Strength training for cyclists: go slow to go fast

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Toolbox: Halloween is just around the corner, which means the vast majority of riders are now turning to weight training in an attempt to go faster. Today we take a look at the importance of slowing down the movements, to help you achieve much better strength, stability, balance and power for cycling.

How much you lift doesn’t matter

Unlike most sports, which usually come with “strength standards” or targeted bodyweight-to-body weight ratios for the major movements one “should be able to do” as a demonstration of the minimum force needed for the exercise. performance, cycling does not have a linear correlation to the weights shifted.

This may come as a shock to many, but it is the truth.

This is in part due to the positions of our sport as well as its unique requirement for “pulsating” strength, accompanied by the attachment of our feet to the pedals. These position-specific requirements make it very difficult to determine the relationship between the weight used on the bar and the results on the bike.

arundel bike t-wrench banner

HOW you move, however, is a huge determinant of cycling performance.

Slow down to see the power and speed increase

The quality of movement can be a difficult thing to quantify, especially for those new to strength training, which is one of the many reasons that “strength standards” tend to be the benchmark. Yet when you take the time to learn how to create stiffness in the right places and in the right amounts, while moving only in the areas needed, performance improvements are often surprisingly rapid.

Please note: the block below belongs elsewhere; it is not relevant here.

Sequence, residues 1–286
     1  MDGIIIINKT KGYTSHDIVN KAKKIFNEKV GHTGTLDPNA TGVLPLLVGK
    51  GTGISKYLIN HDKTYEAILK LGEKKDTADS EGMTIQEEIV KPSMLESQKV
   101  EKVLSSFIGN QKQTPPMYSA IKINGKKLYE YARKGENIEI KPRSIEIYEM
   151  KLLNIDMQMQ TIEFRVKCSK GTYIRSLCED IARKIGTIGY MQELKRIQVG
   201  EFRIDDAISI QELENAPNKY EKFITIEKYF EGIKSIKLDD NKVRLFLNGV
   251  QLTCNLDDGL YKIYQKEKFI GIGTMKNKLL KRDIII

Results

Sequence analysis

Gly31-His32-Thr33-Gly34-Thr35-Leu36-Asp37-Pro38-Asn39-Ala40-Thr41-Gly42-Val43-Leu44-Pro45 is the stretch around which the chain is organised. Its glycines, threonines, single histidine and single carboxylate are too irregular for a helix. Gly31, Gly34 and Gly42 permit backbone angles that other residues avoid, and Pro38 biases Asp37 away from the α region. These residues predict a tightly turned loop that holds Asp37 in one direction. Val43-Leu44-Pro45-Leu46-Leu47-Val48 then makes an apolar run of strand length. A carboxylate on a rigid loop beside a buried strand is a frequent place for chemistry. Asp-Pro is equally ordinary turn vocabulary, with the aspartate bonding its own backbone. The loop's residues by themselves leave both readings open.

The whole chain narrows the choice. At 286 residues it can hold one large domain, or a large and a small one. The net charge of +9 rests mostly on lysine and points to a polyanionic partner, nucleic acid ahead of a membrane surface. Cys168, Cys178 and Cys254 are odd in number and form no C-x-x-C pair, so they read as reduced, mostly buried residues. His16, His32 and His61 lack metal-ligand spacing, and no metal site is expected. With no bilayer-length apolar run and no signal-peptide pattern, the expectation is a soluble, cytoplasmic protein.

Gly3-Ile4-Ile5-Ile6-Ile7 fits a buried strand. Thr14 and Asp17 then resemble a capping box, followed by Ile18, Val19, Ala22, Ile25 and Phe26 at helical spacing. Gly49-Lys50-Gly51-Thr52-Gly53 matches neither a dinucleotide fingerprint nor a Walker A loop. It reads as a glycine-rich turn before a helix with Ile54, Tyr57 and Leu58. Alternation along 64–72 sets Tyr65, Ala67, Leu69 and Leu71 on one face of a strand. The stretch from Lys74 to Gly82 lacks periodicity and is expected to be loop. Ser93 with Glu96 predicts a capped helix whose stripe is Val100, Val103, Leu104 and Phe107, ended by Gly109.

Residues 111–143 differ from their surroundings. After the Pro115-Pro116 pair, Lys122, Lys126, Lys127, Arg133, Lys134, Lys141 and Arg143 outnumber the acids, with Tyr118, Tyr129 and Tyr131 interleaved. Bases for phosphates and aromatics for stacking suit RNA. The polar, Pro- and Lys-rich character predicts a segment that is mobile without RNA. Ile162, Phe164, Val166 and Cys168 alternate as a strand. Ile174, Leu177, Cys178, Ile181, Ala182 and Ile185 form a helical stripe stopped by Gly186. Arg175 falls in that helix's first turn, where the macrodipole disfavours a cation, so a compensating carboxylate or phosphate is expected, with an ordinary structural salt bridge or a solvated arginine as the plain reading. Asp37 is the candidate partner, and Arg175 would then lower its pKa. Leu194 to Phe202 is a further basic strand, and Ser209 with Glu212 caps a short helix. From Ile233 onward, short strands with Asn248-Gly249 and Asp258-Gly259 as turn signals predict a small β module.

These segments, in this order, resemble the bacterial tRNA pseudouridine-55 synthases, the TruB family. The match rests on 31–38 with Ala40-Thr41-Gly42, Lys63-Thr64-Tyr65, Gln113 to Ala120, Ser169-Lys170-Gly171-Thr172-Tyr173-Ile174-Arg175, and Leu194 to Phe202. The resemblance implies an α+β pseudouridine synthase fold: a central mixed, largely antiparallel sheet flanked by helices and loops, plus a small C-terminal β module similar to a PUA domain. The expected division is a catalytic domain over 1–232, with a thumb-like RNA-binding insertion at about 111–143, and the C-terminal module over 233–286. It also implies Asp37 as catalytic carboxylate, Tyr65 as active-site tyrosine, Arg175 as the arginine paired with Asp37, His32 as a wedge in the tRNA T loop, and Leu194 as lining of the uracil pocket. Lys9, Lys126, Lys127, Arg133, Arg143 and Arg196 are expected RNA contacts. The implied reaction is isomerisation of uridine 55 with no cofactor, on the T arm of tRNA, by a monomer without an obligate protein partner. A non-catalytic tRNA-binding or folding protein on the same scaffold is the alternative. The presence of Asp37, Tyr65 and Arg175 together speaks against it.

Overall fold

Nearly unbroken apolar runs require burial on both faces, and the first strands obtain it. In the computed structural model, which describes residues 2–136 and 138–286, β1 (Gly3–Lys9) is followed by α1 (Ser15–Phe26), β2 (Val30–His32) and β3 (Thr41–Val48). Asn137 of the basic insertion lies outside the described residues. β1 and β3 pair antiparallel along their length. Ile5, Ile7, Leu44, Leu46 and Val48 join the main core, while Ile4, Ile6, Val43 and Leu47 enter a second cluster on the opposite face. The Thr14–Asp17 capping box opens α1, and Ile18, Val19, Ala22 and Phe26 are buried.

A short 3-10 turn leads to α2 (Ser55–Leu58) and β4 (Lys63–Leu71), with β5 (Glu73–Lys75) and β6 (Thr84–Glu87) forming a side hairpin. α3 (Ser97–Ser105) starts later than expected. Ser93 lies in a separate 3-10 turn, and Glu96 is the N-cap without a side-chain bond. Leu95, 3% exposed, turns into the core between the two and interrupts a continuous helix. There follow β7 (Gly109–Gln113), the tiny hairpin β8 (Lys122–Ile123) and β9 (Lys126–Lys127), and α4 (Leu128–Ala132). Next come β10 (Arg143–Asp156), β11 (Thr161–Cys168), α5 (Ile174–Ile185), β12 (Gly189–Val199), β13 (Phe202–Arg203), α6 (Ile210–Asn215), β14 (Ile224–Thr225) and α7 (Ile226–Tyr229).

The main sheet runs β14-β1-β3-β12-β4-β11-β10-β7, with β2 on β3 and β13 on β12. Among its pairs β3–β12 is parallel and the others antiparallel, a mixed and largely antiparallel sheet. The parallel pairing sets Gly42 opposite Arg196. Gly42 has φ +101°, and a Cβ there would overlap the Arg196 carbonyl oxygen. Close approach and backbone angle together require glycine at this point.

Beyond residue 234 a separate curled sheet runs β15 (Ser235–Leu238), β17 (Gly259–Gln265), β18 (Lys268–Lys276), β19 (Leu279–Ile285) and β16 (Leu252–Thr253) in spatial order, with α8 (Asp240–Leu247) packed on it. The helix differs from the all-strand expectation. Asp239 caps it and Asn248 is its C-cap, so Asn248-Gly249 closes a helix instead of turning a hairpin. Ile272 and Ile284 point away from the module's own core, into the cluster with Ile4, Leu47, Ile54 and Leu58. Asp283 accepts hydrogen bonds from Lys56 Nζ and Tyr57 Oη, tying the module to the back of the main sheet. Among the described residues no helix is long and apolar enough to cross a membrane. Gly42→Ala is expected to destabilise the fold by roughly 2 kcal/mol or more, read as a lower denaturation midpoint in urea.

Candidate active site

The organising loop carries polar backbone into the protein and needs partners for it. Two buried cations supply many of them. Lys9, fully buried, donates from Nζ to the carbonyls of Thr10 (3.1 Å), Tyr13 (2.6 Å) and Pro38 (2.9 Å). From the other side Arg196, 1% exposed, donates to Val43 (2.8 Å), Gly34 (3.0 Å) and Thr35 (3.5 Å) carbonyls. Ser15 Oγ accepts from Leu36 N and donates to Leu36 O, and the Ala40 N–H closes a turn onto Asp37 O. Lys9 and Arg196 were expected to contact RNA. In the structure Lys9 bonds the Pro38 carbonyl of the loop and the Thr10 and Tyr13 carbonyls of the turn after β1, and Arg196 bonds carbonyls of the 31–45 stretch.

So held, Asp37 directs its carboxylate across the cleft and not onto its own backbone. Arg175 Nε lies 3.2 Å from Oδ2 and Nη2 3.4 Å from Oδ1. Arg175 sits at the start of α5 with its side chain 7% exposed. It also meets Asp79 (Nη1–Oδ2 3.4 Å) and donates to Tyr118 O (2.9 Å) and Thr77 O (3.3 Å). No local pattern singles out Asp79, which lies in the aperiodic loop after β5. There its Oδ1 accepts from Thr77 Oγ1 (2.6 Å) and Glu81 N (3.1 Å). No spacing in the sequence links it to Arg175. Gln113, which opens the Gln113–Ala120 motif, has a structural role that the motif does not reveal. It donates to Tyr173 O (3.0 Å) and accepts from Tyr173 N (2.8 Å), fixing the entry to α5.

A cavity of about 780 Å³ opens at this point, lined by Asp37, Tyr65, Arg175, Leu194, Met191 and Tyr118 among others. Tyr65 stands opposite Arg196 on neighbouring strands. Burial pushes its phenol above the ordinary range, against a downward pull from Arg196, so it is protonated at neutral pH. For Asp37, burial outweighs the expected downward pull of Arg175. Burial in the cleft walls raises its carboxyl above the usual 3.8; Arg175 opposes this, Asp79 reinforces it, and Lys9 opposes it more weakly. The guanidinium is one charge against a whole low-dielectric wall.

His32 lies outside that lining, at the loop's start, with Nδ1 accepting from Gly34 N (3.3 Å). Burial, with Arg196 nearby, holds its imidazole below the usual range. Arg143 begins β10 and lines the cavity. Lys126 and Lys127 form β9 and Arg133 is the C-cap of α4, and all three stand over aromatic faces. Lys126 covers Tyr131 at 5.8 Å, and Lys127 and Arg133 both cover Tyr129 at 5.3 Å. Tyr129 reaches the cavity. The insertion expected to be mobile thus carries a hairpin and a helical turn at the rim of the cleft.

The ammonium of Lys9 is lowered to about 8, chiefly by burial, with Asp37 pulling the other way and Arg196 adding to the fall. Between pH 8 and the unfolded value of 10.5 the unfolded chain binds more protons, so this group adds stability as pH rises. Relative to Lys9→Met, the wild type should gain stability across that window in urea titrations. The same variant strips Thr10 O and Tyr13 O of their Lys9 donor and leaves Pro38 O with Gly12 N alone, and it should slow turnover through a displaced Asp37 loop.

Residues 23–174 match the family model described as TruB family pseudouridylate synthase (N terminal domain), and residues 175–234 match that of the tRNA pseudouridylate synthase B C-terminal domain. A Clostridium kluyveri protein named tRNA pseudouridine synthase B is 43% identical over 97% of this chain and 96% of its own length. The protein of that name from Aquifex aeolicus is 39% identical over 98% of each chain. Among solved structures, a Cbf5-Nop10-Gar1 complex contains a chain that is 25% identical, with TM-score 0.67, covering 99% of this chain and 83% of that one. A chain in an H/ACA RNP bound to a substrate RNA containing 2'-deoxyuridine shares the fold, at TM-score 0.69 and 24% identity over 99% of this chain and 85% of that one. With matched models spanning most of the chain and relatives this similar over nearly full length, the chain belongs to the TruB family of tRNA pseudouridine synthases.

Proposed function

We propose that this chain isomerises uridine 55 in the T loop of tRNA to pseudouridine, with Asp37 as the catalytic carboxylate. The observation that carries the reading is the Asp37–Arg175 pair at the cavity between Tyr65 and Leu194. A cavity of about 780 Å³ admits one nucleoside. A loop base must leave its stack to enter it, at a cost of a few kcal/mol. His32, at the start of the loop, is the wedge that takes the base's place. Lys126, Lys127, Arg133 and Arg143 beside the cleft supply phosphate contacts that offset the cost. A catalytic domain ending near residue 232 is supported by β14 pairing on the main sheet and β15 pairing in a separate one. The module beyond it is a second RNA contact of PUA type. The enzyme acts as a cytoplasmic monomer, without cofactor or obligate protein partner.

But to get there, we need to slow down our movements, build better mind-muscle connections, as well as refine our subconscious ability to know where our body is in space.

Think of a new mountain biker trying to learn how to use the large chainring to help him roll over a tree trunk on the trail. To achieve this successfully, you need to create just the right amount of arm and core stiffness to keep the bike straight and moving forward, while staying relaxed at the hips, while pushing the pedals with enough force. force to keep riding. .

xpedo cxr pedalbanner with Brian McCullough

Easier said than done.

How do you learn to do it?

We slow down and break each skill down into a segment (and the next drop, in the author’s case, lol!), Allowing us to learn the skill.

The same goes for bodybuilding.

Using the 3-1-3-1 tempo

While we want to slow down to get a better mind-muscle connection, better quality of movement, and the push to perform better on the bike, it has to be done the right way, at the right time. And for this time of year, early core strength training, using the 3-1-3-1 tempo, is the route we want to go.

There are a number of ways to slow down our strength movements for better positioning and performance, and a number of tempos that can be used for a variety of specific training adaptations. I discuss this in more detail in Chapter 11 of my new book “Strength Training for Cycling Performance”, which I took an excerpt from here:

3-1-3-1 tempo: learn movement control, core control and prepare the body for a heavier and more explosive workout

The 3-1-3-1 workout tempo is a fantastic way for you to start your strength training program for a number of reasons. It will be:

  • Expose the breakdowns and weaknesses of FUNdamental 5 movements
  • Help you learn to produce basic control while on the move
  • Build tissue strength and resilience with more time under tension
  • Use more motor units of your muscles when you get tired
  • Use lighter weights for great results

The 3-1-3-1 tempo is a great place to start your fall or winter strength training cycles, as it will help you get on the right track quickly, giving you lots of great feedback while you develop the tissue and nervous system capabilities to be ready to handle your upcoming training. The 3-1-3-1 tempo has also proven to be a benchmark for mid-season strength for those who travel a lot or have high time demands.

An example of using this tempo is in the video below

Conclusion

Don’t fall into the traditional trap of thinking that you have to jump on heavy weights to see results and improvements in cycling. Instead, take the time to learn to move better and have more efficient and effective movements… as stated on my podcast, THIS is the golden ticket to improving performance and longevity in the gym. game of cycling and life.

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